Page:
Is there a mathematical method to determine if a signal's noise is Gaussian?

The only way I know so far is to analyze the histogram and layover a Gaussian distribution to visually determine if the distribution is Gaussian. I would like to know if there is a mathematical way to determine if the noise is Gaussian and how accurate the result is.

  • 5
    $\begingroup$ en.wikipedia.org/wiki/Kullback%E2%80%93Leibler_divergence if you want to compare two PDFs; if you want to compare a discrete observation to a PDF, it's probably worth reading en.wikipedia.org/wiki/Kolmogorov%E2%80%93Smirnov_test $\endgroup$ – Marcus Müller Nov 1 '17 at 22:21
  • 2
    $\begingroup$ note that these two methods give you a sort of a distance; whether or not this is relevant to you really depends on why you need to know whether the noise follows a Gaussian distribution. $\endgroup$ – Marcus Müller Nov 1 '17 at 22:32
  • $\begingroup$ If this noise is additive and dominant, the histogram approach would be okay. In my opinion, we'll have to use a noise model assumption anyway, such as additive noise or noise characteristics (mean, variance, ..). For example, let's assume the the model y = x + n, where x is the signal and n is Gaussian noise. If you average the corrupted signal y and analyze the residuals, may be you can get some idea about noise characteristics. $\endgroup$ – dhanushka Nov 2 '17 at 1:58
  • 1
    $\begingroup$ I am not specialist but the keyword (other than what suggested by Marcus Müller) may be density estimation en.wikipedia.org/wiki/Density_estimation $\endgroup$ – AlexTP Nov 2 '17 at 10:21

There are several statistical tests if a time series is Gaussian, although in statistics, the term "tests for normality" is usually how you search for them.

The Nist EDA site is a good place to look and the probability plot is better for shorter data sets than the sample histogram.


Near the bottom of the page, there are references to q-q plots, KS, Chi squared, and other goodness of fit tests. You can find ample information about them on the web and replicating here isn't going to add anything.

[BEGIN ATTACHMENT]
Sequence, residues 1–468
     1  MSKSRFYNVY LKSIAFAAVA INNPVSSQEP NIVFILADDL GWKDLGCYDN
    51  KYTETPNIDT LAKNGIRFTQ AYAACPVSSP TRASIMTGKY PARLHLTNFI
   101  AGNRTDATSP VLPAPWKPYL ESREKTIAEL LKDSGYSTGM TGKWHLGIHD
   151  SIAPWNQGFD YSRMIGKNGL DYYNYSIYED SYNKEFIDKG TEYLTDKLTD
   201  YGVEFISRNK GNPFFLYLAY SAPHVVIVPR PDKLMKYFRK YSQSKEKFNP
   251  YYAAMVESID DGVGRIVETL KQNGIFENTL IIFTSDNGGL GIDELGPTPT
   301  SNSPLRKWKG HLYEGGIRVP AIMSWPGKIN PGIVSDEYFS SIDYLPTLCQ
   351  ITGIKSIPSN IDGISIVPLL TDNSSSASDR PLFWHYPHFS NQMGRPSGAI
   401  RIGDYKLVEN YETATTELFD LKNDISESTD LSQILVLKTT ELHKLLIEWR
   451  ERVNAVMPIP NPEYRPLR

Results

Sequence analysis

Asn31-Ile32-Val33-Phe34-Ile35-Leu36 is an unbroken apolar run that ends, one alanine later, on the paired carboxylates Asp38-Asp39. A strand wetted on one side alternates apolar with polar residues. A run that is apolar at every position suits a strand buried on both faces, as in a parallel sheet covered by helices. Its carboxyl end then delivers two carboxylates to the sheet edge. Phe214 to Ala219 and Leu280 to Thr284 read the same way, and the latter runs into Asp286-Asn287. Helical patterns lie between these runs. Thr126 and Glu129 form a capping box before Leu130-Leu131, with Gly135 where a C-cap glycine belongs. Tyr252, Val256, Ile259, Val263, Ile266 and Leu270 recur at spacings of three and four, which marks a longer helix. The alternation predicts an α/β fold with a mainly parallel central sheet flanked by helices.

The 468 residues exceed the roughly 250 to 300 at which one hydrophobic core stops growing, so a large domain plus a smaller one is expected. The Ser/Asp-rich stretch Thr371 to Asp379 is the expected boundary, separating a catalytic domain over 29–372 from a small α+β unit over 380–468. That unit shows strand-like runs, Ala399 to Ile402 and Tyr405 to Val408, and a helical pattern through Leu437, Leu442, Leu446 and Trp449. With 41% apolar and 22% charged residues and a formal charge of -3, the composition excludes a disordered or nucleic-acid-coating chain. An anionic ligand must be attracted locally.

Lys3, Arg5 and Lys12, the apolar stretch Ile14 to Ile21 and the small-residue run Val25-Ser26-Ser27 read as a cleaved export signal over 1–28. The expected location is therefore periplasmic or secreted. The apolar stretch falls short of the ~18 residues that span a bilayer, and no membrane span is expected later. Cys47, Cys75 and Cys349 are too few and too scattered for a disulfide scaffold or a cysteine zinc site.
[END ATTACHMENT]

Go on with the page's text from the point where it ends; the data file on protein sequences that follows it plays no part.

Matlab has qqplot and prob plot in the Statistics toolbox, and the qqplot with a single argument is specific to Gaussian distributions. SAS has all these tests. R has the tests.

I recommend this book, written by 2 Engineers, and they cover several tests including for things like independence, and stationarity. The book is oriented towards the practical, minimum of mathematics.

Bendat, Julius S., and Allan G. Piersol. Random data: analysis and measurement procedures. Vol. 729. John Wiley & Sons, 2011.

The wrinkle of these tests is that they don't conform to a Signal plus Noise scenario. The tests generally assume that the time series is all Gaussian or not. A constant mean isn't a problem. Signals are not usually Gaussian and a simple test can't tell the difference.

Signal processing operations such as a DFT, tend to manifest central limit theorem effects on data, so you need to be aware that even linear transformations will not preserve a non Gaussian pdf.

It should be also noted that from a practical perspective, Gaussianity isn't black and white. Algorithms that have Gaussian assumptions usually work well even if the Gaussianity assumption is not strictly valid. Things like bi-modality and non-symmetry are more important to know about. Cauchy (heavy tails) like noise and multiplicative noise are also important to know about.

| improve this answer | |
  • $\begingroup$ Could you please explain more about "Signal processing operations such as a DFT, tend to manifest central limit theorem effects on data, so you need to be aware that even linear transformations will not preserve a non Gaussian pdf." ? I mean why the fact that linear transformations do not preserve non Gaussian pdf is surprised. Thanks. $\endgroup$ – AlexTP Nov 3 '17 at 10:34
  • $\begingroup$ Surprised? Are you surprised? $\endgroup$ – user28715 Nov 3 '17 at 18:22
  • $\begingroup$ I just dont understand what you want to say. Due to my humble knowledge, I do know only the statement that linear transformations do preserve Gaussian pdf. $\endgroup$ – AlexTP Nov 3 '17 at 19:56
  • $\begingroup$ and how does a linear transformation not preserve a non Gaussian pdf conflict with your humble knowledge. Fundamentally, since I said the tests were not suitable to determine normality in the presence of a signal, it would occur to many that filtering out the signal and then applying the test to what remains would be an approach, so a linear transformation, i.e. FFT based convolution would alter any non Gaussian properties of the noise and bias the test toward normality. Your humble knowledge would include the CLT, wouldn't it? $\endgroup$ – user28715 Nov 3 '17 at 20:44
  • $\begingroup$ No, what you are saying does not conflict with my humble knowledge which fortunately does include CLT. Just dont know that "linear transforms (or even non-linear transforms) preserve non Gaussian pdf" is a common mistake that people wrongfully expect. I mean if a pdf is non Gaussian, I usually dont expect anything about its transformed counterpart. Thanks for explaining. $\endgroup$ – AlexTP Nov 4 '17 at 7:15

Your Answer

By clicking “Post Your Answer”, you agree to our terms of service, privacy policy and cookie policy

Not the answer you're looking for? Browse other questions tagged or ask your own question.